The Singapore-based, American gaming firm has replied to rumors that 404,000 emails, keys, logins, and other details were available for sale, but it hasn’t fully resolved the 2020 leak.
On July 8, a message purporting to offer data allegedly stolen from gaming hardware maker Razer surfaced on a hackers’ forum. The hacker claimed to have taken the database, encryption keys, source code, backend access logins, and other information.
According to reports, the hacker provided a sample of user email addresses while stating that the entire list had 404,000 entries. The price listed for the material was $100,000 in the privacy coin Monero (XRM), while smaller bids were taken into consideration.
On July 9, Razer acknowledged the potential breach and announced that they are looking into it. The legitimacy of the disclosed email accounts was allegedly verified by the website BleepingComputer. Razer reset all user accounts as a precaution and advised users to change their passwords.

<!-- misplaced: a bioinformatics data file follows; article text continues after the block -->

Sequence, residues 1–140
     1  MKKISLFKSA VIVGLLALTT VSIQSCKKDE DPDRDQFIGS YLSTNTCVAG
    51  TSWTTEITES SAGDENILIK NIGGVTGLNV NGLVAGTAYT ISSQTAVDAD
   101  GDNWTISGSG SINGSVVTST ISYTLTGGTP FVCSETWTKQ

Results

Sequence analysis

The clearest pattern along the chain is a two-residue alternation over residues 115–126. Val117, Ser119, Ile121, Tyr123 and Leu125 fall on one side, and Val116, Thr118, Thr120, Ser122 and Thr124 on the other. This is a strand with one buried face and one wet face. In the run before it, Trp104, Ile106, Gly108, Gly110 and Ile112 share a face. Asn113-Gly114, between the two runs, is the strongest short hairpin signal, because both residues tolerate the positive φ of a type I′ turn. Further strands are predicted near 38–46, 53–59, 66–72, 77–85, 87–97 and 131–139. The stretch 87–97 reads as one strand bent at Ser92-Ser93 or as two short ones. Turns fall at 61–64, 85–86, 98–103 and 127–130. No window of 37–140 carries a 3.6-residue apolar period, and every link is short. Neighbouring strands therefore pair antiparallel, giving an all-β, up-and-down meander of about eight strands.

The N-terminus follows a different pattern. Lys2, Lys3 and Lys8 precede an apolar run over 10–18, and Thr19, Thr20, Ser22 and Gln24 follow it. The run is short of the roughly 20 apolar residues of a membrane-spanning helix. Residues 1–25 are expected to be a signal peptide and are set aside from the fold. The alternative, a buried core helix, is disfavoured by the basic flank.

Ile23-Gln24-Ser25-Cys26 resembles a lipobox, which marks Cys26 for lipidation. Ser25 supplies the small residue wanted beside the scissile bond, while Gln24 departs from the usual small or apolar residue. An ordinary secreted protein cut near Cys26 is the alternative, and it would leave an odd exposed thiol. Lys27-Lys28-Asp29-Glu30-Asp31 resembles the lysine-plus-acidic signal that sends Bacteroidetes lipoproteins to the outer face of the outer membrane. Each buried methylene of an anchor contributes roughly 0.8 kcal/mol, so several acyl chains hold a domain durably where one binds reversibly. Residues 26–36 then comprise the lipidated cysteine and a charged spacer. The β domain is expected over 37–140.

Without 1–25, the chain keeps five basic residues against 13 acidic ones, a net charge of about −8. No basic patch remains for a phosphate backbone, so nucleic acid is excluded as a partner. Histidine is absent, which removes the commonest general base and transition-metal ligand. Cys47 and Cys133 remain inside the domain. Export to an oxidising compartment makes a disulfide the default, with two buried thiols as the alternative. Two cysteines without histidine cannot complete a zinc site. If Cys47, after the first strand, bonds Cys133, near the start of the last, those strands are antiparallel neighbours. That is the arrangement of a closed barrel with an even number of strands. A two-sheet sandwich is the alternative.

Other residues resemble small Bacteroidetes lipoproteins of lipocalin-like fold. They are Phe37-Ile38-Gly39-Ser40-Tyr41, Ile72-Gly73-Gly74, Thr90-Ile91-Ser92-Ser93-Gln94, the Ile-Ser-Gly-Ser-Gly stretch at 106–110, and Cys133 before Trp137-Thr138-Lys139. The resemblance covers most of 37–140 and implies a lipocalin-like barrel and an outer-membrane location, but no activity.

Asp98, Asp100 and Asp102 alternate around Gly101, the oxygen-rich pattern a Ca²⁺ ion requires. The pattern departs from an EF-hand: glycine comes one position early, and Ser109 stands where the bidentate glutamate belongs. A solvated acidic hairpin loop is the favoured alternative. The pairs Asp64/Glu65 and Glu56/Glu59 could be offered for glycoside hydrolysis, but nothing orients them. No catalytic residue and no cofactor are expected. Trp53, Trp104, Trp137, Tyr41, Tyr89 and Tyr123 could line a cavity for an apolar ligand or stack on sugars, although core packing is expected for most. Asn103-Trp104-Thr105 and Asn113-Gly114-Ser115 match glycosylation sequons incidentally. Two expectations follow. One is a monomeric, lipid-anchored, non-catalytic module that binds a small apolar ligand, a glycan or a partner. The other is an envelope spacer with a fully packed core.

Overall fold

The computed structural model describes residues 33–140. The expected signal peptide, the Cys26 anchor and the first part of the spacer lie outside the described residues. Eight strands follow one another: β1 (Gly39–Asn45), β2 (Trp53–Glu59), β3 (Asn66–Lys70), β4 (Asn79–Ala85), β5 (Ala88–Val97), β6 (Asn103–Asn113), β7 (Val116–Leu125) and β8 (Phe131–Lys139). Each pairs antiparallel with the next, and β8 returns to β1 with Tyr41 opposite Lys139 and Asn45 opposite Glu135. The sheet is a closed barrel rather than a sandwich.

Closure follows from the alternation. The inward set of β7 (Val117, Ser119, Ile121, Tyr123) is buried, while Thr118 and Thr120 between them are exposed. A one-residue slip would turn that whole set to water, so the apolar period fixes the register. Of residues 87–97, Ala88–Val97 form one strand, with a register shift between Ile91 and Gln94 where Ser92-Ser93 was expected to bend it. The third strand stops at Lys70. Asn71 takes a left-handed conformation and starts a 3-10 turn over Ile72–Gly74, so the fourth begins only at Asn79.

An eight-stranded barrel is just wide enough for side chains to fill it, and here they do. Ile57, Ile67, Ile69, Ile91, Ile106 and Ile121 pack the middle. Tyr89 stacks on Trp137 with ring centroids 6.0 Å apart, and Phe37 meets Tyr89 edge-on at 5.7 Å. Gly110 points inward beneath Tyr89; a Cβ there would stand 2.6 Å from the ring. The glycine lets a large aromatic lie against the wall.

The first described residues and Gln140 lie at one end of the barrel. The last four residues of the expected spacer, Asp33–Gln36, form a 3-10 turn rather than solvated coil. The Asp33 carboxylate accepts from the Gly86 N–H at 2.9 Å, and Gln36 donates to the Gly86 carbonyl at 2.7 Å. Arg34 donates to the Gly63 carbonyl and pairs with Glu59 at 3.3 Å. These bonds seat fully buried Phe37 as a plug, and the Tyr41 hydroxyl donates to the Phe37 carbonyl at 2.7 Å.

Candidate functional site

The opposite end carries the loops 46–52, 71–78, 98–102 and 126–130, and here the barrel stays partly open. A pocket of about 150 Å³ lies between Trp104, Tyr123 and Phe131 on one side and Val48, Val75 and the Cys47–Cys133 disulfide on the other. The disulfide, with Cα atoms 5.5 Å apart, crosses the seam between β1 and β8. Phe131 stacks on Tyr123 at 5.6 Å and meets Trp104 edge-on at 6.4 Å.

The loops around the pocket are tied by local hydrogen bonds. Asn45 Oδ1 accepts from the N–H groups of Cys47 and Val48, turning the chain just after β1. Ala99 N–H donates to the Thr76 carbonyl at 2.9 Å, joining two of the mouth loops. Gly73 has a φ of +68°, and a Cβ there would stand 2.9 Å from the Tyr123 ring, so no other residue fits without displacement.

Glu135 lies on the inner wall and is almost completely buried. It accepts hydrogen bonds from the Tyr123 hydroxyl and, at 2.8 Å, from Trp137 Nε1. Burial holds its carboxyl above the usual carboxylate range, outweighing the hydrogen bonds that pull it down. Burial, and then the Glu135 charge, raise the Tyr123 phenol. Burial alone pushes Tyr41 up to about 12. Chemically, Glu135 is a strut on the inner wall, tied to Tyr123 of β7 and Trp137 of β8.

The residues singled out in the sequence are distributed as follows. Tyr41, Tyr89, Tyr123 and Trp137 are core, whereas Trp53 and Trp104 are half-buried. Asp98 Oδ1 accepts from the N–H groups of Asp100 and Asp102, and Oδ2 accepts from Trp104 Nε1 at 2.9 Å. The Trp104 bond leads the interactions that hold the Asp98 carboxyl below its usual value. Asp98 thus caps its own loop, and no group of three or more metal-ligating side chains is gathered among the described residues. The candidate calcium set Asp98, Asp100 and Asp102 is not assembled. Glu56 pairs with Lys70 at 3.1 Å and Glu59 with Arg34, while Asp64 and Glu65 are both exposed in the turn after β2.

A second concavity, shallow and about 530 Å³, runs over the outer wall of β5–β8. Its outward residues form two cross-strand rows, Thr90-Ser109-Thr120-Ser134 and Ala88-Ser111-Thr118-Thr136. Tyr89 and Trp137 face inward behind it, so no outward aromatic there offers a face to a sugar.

As Razer continues to deal with the fallout from a data leak that happened in 2020, word of this most recent attack breaks. In a lawsuit against IT provider Capgemini, Razer was given a $6.5 million damage award in December. Capgemini, however, contested the ruling, and on July 10 a Singaporean court heard the appeal.
About 100,000 Razer users’ personal information was exposed in the 2020 data breach. It happened as a result of a compromised line of code that was allegedly changed between June and September 2020 by a Capgemini programmer. In September 2020, a security consultant found the breach.
A gaming gear manufacturer with operations in Singapore and the US, Razer was established in 2005. In 2017, the business offered virtual currencies for credits and awards, and in following years it added mining capabilities to its offerings. It is claimed that some of the information taken in the attack on July 8 relates to an earlier version of Razer’s system.